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Hoover's, NYT to Promote Electronic Subscriptions

The New York Times Co. and Hoover's aim to promote each other's online subscription products through a new joint marketing deal.

For Austin-based Hoover's, the two companies will look to boost subscriptions to its online information service.

At the same time, the effort will seek to drive sales for The New York Times Electronic Edition, a searchable, digital reproduction of the day's print newspaper delivered online. The service is offered through subscription or single-copy sales.

The marketing arrangement between Hoover's and The New York Times will see each company placing ads on their home page directing traffic to a joint site designed to sell joint, discounted packages of both Hoover's and the Times' Electronic Edition.

The New York Times also said it would commit ads in its print edition to the effort.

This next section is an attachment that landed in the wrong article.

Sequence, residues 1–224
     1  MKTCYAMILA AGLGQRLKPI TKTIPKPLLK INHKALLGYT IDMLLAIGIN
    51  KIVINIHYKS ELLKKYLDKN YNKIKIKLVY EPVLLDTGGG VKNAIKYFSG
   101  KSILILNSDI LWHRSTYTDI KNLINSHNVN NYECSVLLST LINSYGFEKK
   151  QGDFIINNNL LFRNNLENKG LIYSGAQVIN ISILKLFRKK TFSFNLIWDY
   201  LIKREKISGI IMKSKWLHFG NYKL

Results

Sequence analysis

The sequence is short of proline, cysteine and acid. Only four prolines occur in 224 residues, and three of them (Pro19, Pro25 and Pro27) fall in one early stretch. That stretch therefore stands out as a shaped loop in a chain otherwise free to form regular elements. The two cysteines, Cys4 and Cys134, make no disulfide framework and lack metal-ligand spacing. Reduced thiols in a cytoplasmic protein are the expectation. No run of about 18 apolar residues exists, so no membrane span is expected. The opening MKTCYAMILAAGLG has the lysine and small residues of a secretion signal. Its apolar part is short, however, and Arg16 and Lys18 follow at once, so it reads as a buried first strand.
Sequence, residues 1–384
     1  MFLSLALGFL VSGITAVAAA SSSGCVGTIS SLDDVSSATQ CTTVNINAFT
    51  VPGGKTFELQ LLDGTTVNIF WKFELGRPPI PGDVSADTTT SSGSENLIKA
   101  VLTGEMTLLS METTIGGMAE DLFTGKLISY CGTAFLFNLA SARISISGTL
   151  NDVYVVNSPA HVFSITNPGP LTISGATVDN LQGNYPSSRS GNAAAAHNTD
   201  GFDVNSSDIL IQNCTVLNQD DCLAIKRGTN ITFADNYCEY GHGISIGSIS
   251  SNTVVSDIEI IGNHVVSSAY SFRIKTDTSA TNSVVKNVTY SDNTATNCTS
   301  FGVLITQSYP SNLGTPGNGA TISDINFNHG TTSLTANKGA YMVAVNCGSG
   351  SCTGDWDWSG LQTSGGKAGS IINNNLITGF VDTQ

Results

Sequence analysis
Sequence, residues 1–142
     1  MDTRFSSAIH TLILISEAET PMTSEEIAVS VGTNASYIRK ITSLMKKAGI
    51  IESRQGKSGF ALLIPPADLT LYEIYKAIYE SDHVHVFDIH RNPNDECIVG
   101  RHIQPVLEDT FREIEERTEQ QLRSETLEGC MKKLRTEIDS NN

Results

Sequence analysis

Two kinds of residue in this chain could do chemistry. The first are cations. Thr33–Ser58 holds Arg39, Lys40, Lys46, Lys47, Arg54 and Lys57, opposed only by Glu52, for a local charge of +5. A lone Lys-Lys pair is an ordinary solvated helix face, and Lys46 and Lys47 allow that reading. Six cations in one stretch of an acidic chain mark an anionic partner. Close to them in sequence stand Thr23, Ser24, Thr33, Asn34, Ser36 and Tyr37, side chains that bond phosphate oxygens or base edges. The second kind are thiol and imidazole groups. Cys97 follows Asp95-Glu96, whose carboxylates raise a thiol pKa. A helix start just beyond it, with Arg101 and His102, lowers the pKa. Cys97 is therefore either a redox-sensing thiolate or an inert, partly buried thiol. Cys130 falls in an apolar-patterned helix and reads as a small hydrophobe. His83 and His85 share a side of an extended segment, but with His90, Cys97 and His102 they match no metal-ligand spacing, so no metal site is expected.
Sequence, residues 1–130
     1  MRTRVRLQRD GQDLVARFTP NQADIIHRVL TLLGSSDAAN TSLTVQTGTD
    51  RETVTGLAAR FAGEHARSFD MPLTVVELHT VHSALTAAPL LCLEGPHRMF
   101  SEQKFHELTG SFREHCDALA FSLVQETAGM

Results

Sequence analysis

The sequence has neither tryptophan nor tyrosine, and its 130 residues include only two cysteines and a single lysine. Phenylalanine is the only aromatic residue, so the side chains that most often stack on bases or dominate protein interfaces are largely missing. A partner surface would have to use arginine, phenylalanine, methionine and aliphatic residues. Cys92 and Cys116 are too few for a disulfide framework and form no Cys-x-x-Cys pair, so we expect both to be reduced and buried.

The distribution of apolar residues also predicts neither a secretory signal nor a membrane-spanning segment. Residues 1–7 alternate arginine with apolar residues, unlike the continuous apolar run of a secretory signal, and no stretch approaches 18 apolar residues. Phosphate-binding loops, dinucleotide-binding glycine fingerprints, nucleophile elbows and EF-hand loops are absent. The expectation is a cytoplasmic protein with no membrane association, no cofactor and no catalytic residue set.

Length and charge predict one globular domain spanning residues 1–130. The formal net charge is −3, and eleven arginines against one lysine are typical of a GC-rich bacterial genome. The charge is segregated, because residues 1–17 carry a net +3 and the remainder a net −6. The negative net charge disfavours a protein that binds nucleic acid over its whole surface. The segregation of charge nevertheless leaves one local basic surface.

Together, the partners are banking that the two products make for a more compelling offer. The year-old Electronic Edition appeals to a niche audience of business decision-makers who obviously prefer the paper to be delivered online as closely as possible to the original offline layout.

"Hoover's is a great complement to the daily news provided by The New York Times," said Russell Secker, executive vice president of marketing for Hoover's.

Added Scott Heekin-Canedy, senior vice president of circulation at The Times, "We are pleased to join forces with Hoover's to offer the business community two powerful research tools for tracking financial information on specific companies and industries."

While the Electronic Edition was widely touted at the time of its launch early last year, the venture has yet to become a major source of revenue for the New York Times Co.'s interactive division.

But the company continues to have high hopes for the product nevertheless. In April, The New York Times Co. upped its minority stake in NewsStand, the Austin-based technology vendor of the service providing the Electronic Edition.

Two months later, company executives said that they had signed about 3,400 subscribers to the service, generating about $1.1 million in annual revenue. New York Times President and Chief Executive Russell Lewis said the company expects to add $1 million in additional revenue this year.